Wednesday, July 25, 2012

A MYSTERY PLANT THAT WAS GROWING WILD



When I was mowing the other day, I apparently snagged this somewhere along my journey.  I didn't see it until I got off and began to clean the mower. It was stuck in the brush guard on the front.  I was immediately intrigued as I pulled it off and looked at it.



It's got these small, green (perhaps unripe) fruits that are about the size of large marbles.  They are clustered in groups, but grow individually on stems. They were not squishy at all and were very hard, again possibly because they weren't ripe yet.

They have these dark green stripes that remind me of heirloom tomatoes. I cut one open and it has seeds inside that are similar to tomatoes and/or peppers.  I wish I knew where I got them so I could go back and see if there were more nearby.  If it's something cool, I might try to save some of the seeds.
Anyone have a clue?


UPDATE:  Thanks to all of you who commented.  After much research and some further asking of 2nd Family that lives out there giving us more details about its life cycle, this is indeed CAROLINA HORSENETTLE.  It is a very dangerous plant that is NOT edible.  Darn.  I was excited when I first saw it, but because it is in the nightshade family it only bears a striking resemblance to tomatoes but is not remotely edible.  If I do run across them, I'll have to carefully pull them up. 

10 comments:

  1. They kind of look like wild tomatillos - here

    http://www.bing.com/images/search?q=wild+tomato&view=detail&id=917EF1135D9BA1B453586E970F8E48D0D6C15974

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    1. I thought of that but there were no papery husks on the outside. I'd love for it to have been wild tomatoes of some sort, I love that idea, ha.

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  2. Tomatillos are what came to mind for me too. I've never grown them but my daughter has and I think it was the stripes that triggered the memory.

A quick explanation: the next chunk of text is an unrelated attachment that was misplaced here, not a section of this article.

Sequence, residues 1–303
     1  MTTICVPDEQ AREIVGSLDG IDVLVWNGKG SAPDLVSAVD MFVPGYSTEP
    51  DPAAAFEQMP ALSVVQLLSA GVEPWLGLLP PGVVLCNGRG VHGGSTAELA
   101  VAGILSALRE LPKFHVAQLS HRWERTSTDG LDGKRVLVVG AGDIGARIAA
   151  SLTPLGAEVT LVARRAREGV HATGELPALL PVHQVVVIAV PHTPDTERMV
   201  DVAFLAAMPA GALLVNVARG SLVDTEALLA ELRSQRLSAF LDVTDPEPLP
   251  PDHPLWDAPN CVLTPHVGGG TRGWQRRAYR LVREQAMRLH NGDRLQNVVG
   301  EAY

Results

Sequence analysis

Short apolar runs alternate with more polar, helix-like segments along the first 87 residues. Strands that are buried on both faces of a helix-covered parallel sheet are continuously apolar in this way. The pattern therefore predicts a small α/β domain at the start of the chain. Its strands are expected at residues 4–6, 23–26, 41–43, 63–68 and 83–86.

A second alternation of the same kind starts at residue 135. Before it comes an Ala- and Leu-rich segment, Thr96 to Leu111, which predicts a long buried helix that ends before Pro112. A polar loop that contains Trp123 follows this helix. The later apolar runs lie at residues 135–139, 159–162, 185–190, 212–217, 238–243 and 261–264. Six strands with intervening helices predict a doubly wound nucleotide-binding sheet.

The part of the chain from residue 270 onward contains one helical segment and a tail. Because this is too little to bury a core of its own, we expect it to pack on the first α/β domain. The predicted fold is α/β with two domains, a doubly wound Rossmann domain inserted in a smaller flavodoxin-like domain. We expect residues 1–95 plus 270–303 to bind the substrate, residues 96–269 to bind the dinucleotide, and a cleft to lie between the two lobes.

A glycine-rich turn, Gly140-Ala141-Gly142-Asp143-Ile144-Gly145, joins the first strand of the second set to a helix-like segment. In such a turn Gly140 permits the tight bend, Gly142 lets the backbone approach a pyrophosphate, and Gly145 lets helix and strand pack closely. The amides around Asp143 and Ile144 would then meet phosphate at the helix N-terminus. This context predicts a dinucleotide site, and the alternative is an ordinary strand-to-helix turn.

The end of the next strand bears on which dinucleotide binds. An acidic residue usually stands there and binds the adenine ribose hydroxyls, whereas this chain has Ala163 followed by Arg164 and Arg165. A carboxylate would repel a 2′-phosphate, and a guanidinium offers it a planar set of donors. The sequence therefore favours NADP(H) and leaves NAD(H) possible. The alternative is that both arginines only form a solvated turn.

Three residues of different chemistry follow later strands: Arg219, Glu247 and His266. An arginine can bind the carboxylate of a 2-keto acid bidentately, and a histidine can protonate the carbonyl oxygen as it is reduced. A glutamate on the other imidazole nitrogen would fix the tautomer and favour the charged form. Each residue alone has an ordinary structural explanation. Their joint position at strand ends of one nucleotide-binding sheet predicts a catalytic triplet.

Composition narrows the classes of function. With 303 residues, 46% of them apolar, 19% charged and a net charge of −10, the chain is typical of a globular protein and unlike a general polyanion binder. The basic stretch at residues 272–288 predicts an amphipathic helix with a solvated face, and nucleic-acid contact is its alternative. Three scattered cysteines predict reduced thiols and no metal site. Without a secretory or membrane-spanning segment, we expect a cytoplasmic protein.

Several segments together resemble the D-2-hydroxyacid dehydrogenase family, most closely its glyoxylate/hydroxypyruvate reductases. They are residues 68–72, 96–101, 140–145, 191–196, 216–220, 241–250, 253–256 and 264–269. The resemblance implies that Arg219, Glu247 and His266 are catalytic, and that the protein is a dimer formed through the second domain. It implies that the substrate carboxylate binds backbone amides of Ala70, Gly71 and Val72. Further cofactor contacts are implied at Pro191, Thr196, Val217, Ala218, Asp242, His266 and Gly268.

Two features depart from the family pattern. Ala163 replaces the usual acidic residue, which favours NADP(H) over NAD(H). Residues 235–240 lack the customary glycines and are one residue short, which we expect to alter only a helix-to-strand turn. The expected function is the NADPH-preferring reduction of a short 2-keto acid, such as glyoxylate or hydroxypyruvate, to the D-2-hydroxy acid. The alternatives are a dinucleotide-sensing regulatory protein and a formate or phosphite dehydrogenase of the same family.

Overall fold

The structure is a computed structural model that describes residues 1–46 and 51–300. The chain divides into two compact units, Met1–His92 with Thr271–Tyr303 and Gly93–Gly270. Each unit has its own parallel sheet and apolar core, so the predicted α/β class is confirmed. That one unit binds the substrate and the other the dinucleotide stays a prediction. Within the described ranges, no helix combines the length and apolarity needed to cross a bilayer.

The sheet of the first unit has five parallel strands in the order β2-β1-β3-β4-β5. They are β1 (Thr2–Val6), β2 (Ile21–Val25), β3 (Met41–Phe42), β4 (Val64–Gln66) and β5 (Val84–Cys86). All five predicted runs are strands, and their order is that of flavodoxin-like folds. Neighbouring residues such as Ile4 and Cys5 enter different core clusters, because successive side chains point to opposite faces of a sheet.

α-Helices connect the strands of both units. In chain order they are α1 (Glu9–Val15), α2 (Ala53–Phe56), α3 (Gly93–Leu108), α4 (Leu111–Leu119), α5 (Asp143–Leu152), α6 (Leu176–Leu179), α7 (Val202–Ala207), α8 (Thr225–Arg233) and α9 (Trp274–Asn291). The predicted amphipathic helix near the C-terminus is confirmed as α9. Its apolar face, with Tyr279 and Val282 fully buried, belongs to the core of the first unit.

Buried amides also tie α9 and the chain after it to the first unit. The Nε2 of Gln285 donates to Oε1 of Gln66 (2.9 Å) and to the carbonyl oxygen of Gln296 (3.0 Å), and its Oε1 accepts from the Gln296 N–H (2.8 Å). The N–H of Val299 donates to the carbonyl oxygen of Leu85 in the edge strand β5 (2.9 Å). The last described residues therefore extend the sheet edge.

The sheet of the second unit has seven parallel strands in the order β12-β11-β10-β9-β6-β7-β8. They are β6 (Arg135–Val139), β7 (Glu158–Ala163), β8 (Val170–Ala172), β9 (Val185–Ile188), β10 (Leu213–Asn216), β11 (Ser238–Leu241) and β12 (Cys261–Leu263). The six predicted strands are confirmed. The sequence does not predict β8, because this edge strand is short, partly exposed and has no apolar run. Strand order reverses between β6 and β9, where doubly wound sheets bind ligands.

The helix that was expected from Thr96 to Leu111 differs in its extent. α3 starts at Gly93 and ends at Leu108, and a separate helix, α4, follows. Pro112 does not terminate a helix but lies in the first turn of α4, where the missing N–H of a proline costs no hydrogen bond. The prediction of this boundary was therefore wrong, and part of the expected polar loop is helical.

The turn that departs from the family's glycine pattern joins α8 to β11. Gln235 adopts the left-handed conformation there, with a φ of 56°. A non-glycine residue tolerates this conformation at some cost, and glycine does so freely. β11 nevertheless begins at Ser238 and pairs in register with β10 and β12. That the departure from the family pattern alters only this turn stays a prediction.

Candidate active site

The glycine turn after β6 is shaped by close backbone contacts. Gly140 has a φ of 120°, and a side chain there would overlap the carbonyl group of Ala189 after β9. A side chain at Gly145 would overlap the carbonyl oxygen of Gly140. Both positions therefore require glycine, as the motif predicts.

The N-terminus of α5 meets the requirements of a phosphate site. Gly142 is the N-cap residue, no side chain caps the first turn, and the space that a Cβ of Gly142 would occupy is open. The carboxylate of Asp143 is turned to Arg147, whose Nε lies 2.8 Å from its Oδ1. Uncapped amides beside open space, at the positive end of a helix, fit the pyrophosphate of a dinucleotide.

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    1. The stripes definitely remind me of heirloom type 'maters. But I'm leaning toward something poisonous.

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  3. looks like a wild tomato to me.

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    1. Funny you should say that, I was using the same term, I googled it and found that wild tomato is one of the generic names for what GrafixMuse (below) said it was. I'm still doing some googling based on what you all have suggested. I need to see pictures to compare to what I saw/touched.

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  4. Be careful. It looks like carolina horsenettle which has spines on the stems and foliage and is toxic.

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    1. OMG!! Thanks for the heads up. I googled an image and found something that looks the same. Let me do some more research, plus I'm waiting for 2nd Family to respond since I figure they've been out there for years, they'll probably know as well. Or if not, can give me a better description.

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  5. It's most likely Carolina horsenettle. I live in NM and we have it here. It can be an invasive noxious weed, but I've given up pulling the damn things out of the ground.

    Ours over here have very pretty purple flowers when in bloom. The birds do eat some of the ripened ones. I've heard that sheep and goats can tolerate it, but not horses and cattle.

    It is also called wild tomato since its from the nightshade family.

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    1. We have a consensus. It is carolina horsenettle. I guess that's why it looks like it might have been a tomato. Thank you for the info!!

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